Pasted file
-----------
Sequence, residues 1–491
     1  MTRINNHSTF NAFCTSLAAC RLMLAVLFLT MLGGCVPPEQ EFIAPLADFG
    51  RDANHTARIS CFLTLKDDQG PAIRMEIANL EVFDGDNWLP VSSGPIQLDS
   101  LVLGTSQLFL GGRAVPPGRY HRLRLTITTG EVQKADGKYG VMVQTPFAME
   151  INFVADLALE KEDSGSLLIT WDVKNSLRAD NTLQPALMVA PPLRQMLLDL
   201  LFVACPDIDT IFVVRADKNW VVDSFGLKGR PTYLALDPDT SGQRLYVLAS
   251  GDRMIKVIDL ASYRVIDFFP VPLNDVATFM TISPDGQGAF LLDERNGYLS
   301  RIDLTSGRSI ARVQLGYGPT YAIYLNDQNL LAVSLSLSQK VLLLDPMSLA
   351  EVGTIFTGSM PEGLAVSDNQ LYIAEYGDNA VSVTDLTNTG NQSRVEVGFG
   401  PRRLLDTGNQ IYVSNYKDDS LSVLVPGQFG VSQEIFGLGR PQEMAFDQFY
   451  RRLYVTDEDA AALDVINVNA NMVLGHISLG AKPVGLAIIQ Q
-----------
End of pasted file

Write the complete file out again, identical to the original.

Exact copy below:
Sequence, residues 1–491
     1  MTRINNHSTF NAFCTSLAAC RLMLAVLFLT MLGGCVPPEQ EFIAPLADFG
    51  RDANHTARIS CFLTLKDDQG PAIRMEIANL EVFDGDNWLP VSSGPIQLDS
   101  LVLGTSQLFL GGRAVPPGRY HRLRLTITTG EVQKADGKYG VMVQTPFAME
   151  INFVADLALE KEDSGSLLIT WDVKNSLRAD NTLQPALMVA PPLRQMLLDL
   201  LFVACPDIDT IFVVRADKNW VVDSFGLKGR PTYLALDPDT SGQRLYVLAS
   251  GDRMIKVIDL ASYRVIDFFP VPLNDVATFM TISPDGQGAF LLDERNGYLS
   301  RIDLTSGRSI ARVQLGYGPT YAIYLNDQNL LAVSLSLSQK VLLLDPMSLA
   351  EVGTIFTGSM PEGLAVSDNQ LYIAEYGDNA VSVTDLTNTG NQSRVEVGFG
   401  PRRLLDTGNQ IYVSNYKDDS LSVLVPGQFG VSQEIFGLGR PQEMAFDQFY
   451  RRLYVTDEDA AALDVINVNA NMVLGHISLG AKPVGLAIIQ Q